Arts

'A Difficult Conversation: a commemoration' offers powerful juxtaposition in paint

Art Kiosk portraits celebrate Black power, mourn systemic racism

Corey McCall's "A Difficult Conversation: a commemoration" is on view at the Art Kiosk until April 11. Courtesy Fung Collaboratives.

Bay Area painter Corey McCall's new exhibition at the Art Kiosk in downtown Redwood City, "A Difficult Conversation: a commemoration," is a powerful juxtaposition of tragedy and hope, of loss and inspiration.

The installation, on view until April 11, features 13 bold and brightly colored oil paintings of Black leaders and luminaries -- familiar faces such as Harriet Tubman, Angela Davis and James Baldwin -- suspended in the air. On the reverse side of these portraits are paintings, in somber, muted shades of black and white, of 13 Black Americans who have been killed due to systemic racism, including Sandra Bland, George Floyd and Trayvon Martin.

"The title alludes to what parents of Black children have coined as 'The Talk.' This is the necessary verbal education passed down from elder generations to our younger generation involving the facts of life of being Black in America," including engagement with authority figures, understanding one's rights, and "that due to their skin color and facial features, they will not be seen the same as some of their friends and that they may not receive the same empathy or humane decency, even though equally deserved," McCall, the father of two sons, explained in his artist statement.

"I view 'A Difficult Conversation: a commemoration' as a marker in time, a statement for forward movement not regression, and in reality, a memorial to the greatness and accomplishments Black people should be credited and admired for, despite the oppression and adversity thrust upon us," he said.

McCall, a native of Oakland and a U.S. Navy veteran, will receive his BFA from San Jose State University this year.

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The Art Kiosk is located at 2208 Broadway St., Redwood City. The space is illuminated in the evening and viewable at all hours. Viewers are asked to maintain safe social-distancing practices. More information is available at redwoodcity.org.

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'A Difficult Conversation: a commemoration' offers powerful juxtaposition in paint

Art Kiosk portraits celebrate Black power, mourn systemic racism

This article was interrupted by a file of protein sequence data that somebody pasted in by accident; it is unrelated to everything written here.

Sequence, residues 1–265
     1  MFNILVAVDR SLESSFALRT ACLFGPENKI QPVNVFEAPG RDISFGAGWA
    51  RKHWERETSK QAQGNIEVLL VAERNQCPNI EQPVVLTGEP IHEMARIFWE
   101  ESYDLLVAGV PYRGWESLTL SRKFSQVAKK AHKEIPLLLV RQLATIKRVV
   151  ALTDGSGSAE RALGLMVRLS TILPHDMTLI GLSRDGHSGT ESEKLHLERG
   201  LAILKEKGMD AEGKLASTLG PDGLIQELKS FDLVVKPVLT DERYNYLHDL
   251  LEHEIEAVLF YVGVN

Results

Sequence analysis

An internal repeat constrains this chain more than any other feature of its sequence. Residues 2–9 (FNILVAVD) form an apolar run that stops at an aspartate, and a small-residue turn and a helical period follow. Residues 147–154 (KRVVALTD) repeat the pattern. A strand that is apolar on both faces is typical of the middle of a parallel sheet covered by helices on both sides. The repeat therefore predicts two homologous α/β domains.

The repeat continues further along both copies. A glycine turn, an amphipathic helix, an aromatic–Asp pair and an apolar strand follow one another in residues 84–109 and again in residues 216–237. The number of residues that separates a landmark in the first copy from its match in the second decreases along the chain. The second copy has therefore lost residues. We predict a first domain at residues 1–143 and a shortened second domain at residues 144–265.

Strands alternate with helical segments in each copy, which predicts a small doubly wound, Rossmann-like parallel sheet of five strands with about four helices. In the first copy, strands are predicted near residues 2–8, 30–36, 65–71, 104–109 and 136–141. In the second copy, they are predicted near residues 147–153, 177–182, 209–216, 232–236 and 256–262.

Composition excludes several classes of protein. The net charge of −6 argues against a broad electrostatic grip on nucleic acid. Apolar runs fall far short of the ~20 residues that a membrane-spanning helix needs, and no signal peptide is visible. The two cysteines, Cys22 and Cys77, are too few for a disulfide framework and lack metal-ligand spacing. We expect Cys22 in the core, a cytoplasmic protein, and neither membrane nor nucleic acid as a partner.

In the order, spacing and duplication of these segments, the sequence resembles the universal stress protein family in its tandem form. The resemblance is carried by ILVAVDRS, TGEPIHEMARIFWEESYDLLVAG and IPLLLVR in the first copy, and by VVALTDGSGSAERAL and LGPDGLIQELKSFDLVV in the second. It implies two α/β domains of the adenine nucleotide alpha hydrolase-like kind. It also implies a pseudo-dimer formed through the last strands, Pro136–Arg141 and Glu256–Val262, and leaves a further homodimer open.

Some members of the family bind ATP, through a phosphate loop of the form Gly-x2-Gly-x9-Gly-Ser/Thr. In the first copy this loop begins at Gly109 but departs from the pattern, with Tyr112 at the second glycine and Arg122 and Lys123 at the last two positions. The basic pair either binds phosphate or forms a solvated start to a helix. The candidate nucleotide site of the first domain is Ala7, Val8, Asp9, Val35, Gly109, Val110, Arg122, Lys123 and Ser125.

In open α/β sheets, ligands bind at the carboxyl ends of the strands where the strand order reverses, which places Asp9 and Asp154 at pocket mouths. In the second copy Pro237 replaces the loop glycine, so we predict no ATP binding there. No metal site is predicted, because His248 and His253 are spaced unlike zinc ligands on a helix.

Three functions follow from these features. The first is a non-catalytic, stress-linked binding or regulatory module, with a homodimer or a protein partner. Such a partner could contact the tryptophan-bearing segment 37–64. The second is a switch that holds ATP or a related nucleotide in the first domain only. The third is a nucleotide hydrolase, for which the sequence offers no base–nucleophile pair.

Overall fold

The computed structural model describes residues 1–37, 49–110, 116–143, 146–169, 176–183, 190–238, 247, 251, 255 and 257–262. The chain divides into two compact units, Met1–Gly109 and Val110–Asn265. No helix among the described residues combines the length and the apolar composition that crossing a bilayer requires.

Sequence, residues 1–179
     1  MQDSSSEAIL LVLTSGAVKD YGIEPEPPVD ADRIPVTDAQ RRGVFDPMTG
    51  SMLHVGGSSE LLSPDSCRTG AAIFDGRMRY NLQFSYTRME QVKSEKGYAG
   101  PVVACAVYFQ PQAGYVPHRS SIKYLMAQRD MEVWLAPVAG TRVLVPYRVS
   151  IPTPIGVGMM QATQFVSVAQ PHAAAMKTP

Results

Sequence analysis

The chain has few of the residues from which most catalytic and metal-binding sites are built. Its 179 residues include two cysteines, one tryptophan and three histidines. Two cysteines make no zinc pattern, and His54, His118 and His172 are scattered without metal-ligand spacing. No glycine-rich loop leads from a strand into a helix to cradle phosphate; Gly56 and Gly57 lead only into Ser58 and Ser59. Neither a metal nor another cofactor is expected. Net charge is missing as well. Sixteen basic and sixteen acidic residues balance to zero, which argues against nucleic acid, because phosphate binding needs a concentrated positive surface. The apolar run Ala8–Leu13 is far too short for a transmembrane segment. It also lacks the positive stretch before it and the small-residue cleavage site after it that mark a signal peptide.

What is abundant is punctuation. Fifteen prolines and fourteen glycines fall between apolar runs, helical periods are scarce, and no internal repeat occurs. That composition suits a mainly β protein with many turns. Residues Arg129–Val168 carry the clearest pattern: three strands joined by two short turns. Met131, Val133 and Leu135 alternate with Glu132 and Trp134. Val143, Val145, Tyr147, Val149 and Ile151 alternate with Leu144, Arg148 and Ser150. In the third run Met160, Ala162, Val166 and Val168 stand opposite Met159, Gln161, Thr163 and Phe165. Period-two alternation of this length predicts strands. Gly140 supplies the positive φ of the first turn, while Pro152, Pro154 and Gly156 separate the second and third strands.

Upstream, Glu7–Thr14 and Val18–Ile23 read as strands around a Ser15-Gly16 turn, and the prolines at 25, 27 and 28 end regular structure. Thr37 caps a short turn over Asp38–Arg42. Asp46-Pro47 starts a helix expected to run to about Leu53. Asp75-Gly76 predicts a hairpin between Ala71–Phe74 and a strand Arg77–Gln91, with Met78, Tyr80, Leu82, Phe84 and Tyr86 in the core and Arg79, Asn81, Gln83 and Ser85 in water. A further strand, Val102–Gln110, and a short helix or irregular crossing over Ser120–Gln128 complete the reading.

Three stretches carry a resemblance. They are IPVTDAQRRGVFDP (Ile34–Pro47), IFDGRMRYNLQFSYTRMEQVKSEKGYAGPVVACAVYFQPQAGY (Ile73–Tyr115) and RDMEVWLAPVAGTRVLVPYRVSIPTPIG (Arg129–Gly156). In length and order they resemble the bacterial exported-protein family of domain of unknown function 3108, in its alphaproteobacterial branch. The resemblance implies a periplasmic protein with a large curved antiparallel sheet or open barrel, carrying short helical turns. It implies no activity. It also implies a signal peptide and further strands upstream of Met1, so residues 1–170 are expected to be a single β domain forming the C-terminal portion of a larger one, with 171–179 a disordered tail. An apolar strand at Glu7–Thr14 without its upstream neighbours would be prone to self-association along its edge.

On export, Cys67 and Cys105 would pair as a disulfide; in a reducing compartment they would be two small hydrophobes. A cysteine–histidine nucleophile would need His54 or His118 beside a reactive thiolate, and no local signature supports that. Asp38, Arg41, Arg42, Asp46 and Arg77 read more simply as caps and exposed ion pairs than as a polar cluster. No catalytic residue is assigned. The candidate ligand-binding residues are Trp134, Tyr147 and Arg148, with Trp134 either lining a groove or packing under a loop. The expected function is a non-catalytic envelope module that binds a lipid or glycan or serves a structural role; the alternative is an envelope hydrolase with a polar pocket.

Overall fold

by / Palo Alto Weekly

Uploaded: Wed, Mar 17, 2021, 1:58 pm

Bay Area painter Corey McCall's new exhibition at the Art Kiosk in downtown Redwood City, "A Difficult Conversation: a commemoration," is a powerful juxtaposition of tragedy and hope, of loss and inspiration.

The installation, on view until April 11, features 13 bold and brightly colored oil paintings of Black leaders and luminaries -- familiar faces such as Harriet Tubman, Angela Davis and James Baldwin -- suspended in the air. On the reverse side of these portraits are paintings, in somber, muted shades of black and white, of 13 Black Americans who have been killed due to systemic racism, including Sandra Bland, George Floyd and Trayvon Martin.

"The title alludes to what parents of Black children have coined as 'The Talk.' This is the necessary verbal education passed down from elder generations to our younger generation involving the facts of life of being Black in America," including engagement with authority figures, understanding one's rights, and "that due to their skin color and facial features, they will not be seen the same as some of their friends and that they may not receive the same empathy or humane decency, even though equally deserved," McCall, the father of two sons, explained in his artist statement.

"I view 'A Difficult Conversation: a commemoration' as a marker in time, a statement for forward movement not regression, and in reality, a memorial to the greatness and accomplishments Black people should be credited and admired for, despite the oppression and adversity thrust upon us," he said.

McCall, a native of Oakland and a U.S. Navy veteran, will receive his BFA from San Jose State University this year.

The Art Kiosk is located at 2208 Broadway St., Redwood City. The space is illuminated in the evening and viewable at all hours. Viewers are asked to maintain safe social-distancing practices. More information is available at redwoodcity.org.

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